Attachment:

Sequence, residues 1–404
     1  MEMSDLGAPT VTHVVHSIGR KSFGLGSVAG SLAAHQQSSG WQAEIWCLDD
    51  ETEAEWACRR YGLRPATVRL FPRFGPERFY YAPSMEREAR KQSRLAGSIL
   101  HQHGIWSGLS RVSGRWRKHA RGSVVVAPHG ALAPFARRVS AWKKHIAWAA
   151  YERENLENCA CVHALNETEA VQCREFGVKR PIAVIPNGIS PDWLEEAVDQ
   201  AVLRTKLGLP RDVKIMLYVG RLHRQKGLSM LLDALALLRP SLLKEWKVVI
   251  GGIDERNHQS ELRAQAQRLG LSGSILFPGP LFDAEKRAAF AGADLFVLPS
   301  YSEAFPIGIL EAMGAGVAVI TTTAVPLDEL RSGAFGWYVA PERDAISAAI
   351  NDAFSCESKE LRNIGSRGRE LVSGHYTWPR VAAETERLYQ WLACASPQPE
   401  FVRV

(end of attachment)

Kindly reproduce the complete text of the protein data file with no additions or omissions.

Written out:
Sequence, residues 1–404
     1  MEMSDLGAPT VTHVVHSIGR KSFGLGSVAG SLAAHQQSSG WQAEIWCLDD
    51  ETEAEWACRR YGLRPATVRL FPRFGPERFY YAPSMEREAR KQSRLAGSIL
   101  HQHGIWSGLS RVSGRWRKHA RGSVVVAPHG ALAPFARRVS AWKKHIAWAA
   151  YERENLENCA CVHALNETEA VQCREFGVKR PIAVIPNGIS PDWLEEAVDQ
   201  AVLRTKLGLP RDVKIMLYVG RLHRQKGLSM LLDALALLRP SLLKEWKVVI
   251  GGIDERNHQS ELRAQAQRLG LSGSILFPGP LFDAEKRAAF AGADLFVLPS
   301  YSEAFPIGIL EAMGAGVAVI TTTAVPLDEL RSGAFGWYVA PERDAISAAI
   351  NDAFSCESKE LRNIGSRGRE LVSGHYTWPR VAAETERLYQ WLACASPQPE
   401  FVRV